A Brief History Of Ambient Volume 2: Imaginary Landscapes (Virgin, 1993)

Ambient 2

Ambient 2 r

Review
The second instalment in Virgin’s Ambient series arrived in shops on 6 December 1993. We got a reminder of the manifesto in the sleeve notes: “A Brief History Of Ambient – past, present and future volumes – is exclusively compiled from recordings available on Virgin.” So any exclusions are down to practicalities rather than for aesthetic reasons.

Going back to November 1988 and I still vividly remember the noisy fuss about The Last Temptation Of Christ. I bought Nikos Kazantzakis’ novel with the intention of reading it before going to cinema. 32 years later, it’s still unopened. But for me, the real draw was the music. The Passion soundtrack was fantastic and was followed by Passion – Sources later in 1989. This was a compilation of songs from Armenia, Egypt, Ethiopia, Guinea, India, Iran, Morocco, Pakistan, Senegal, and Turkey. Peter Gabriel does not perform on this album, but produced or co-produced several tracks. Here were start with Baaba Maal from Senegal and his performance of the traditional Call to Prayer which appeared in the film during the scene of The Last Supper. It’s a stirring and memorable opener. Scene set.

Brian Eno’s Ambient 4: On Land provides the source for song #2. Tal Coat is a reference to French expressionist Pierre Louis Jacob. “My intention was to make music that was like figurative painting, but without referring to the history of music – more to a history of listening.” Next are contemporary heroes Amorphous Androgynous and the reflective In Mind before we sample something from the Tangerine Dream menu, 1975 style. Their Rubycon album consists of two long tracks, each just over 17 minutes long. We get an excerpt from Rubycon Part 2, still enough cosmic power to drive it along to a very joyful conclusion. As it was on A Brief History Of Ambient Volume 1, we get a Gone To Earth track from David Sylvian. The Healing Game is a revelation, a brooding soundscape which starts with the voice of Joseph Beuys.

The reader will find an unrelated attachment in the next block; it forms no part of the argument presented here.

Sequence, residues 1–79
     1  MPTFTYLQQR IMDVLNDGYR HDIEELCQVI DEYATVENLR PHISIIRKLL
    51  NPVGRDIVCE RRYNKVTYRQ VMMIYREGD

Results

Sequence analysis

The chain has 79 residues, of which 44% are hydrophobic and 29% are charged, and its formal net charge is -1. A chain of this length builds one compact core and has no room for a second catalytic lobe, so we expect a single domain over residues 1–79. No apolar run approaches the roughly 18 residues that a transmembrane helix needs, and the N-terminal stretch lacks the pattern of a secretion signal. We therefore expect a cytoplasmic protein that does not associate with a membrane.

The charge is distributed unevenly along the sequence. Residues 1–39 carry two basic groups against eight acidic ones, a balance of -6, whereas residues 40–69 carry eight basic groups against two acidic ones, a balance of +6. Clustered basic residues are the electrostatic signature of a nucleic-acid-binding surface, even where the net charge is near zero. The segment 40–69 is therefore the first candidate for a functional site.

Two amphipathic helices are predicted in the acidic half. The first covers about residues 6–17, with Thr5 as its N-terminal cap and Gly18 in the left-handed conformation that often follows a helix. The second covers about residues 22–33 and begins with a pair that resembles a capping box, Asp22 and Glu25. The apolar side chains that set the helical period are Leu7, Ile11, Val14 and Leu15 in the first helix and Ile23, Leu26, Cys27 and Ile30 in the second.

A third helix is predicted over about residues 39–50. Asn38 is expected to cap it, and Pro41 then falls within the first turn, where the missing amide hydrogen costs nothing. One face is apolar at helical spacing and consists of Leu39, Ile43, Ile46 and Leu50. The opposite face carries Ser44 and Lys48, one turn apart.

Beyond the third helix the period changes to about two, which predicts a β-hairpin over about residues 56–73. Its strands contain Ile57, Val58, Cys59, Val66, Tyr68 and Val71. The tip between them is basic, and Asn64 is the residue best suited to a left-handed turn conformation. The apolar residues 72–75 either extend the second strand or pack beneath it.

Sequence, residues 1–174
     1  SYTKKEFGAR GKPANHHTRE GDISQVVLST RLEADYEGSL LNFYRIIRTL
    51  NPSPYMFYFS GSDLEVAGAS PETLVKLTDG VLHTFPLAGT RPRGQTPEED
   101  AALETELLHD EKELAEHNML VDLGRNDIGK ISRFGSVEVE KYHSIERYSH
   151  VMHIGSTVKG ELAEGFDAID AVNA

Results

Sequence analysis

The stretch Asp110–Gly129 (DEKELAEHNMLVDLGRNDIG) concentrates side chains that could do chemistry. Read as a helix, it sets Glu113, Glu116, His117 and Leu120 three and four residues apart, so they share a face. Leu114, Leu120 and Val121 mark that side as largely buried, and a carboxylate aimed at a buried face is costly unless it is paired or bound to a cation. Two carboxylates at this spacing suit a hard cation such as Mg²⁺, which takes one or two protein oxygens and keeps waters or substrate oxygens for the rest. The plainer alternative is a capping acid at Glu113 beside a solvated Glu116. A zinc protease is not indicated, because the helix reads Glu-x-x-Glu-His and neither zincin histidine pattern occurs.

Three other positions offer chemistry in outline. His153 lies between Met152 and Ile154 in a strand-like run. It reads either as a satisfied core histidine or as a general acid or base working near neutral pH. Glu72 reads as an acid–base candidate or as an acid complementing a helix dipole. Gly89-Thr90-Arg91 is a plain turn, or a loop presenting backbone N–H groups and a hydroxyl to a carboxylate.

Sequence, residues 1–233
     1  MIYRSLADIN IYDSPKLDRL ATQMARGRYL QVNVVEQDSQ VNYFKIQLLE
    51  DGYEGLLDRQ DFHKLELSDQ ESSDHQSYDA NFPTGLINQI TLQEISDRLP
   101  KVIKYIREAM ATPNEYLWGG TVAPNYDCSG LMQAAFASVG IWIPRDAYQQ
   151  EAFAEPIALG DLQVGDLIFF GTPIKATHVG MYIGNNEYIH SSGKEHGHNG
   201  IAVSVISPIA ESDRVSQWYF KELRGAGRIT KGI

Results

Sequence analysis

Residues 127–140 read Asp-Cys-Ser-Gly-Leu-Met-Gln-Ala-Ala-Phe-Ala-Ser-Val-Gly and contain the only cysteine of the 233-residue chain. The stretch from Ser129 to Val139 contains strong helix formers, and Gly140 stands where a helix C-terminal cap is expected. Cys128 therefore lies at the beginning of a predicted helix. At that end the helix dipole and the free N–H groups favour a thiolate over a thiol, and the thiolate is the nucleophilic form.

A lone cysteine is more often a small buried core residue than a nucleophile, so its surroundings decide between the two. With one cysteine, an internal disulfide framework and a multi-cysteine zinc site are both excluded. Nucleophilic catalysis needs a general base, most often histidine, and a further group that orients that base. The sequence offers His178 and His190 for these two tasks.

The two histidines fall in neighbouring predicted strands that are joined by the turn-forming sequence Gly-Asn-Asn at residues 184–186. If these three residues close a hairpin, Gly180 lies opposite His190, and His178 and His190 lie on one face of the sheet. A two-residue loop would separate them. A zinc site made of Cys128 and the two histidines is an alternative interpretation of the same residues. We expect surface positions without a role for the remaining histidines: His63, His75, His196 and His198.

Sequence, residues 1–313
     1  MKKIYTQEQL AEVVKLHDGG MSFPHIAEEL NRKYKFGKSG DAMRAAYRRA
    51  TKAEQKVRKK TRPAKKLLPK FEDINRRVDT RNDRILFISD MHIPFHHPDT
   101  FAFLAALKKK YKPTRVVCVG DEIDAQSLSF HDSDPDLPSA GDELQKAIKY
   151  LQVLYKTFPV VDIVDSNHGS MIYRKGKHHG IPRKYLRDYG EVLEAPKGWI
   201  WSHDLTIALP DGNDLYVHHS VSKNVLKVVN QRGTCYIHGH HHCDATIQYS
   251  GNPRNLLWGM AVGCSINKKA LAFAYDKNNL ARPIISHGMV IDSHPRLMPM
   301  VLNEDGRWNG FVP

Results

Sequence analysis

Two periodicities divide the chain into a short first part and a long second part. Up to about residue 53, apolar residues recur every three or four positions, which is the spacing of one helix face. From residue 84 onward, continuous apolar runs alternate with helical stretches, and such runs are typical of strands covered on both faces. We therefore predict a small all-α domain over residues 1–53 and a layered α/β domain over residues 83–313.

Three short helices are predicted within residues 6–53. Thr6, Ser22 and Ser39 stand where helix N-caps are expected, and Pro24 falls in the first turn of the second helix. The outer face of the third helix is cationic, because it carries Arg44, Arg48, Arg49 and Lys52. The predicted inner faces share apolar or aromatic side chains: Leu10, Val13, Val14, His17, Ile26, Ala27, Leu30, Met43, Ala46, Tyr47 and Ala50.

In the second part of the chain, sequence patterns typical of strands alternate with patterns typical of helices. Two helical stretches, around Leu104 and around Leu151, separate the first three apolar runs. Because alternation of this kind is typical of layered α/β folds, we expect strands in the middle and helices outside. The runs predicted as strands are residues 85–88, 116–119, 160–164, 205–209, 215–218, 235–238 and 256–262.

“That has to be the age of overcome
The systems which are on the ceiling
Which are on the run to destroy
Human kind’s nation
Human kind’s inwardness
Human kind’s ability
What for me is a true capital
And which is a side effect
Last not least destroys the nature and us”

March 1993: A clear vinyl 12″ from was spinning on Comet’s turntable. It was The Grid’s Crystal Clear (The Orb Remix: Clear, Like An Unmuddied Lake). It’s cut slightly but still retains a hypnotic groove. Your palate will then be cleansed by Ryuichi Sakamoto’s earthy Nuages before the restrained beauty of Wind On Water, taken from Fripp & Eno’s Evening Star. Neatly next is Wildlife, the exquisite honeyed tart from the Penguin Café Orchestra, reduced from 10:54 to 8:11. That was 1987; this is 1991 – another collaboration, this one is ex-Japan, Steve Jansen & Richard Barbieri with When Things Dream. It’s followed by the brief interlude from Gong and their 90 second Magick Mother Invocation before we are entranced in brightness. Fripp & Sylvian – Bringing Down The Light was released earlier that year, lifted from The First Day. A transcendent miracle & also featured on TV’s Jam.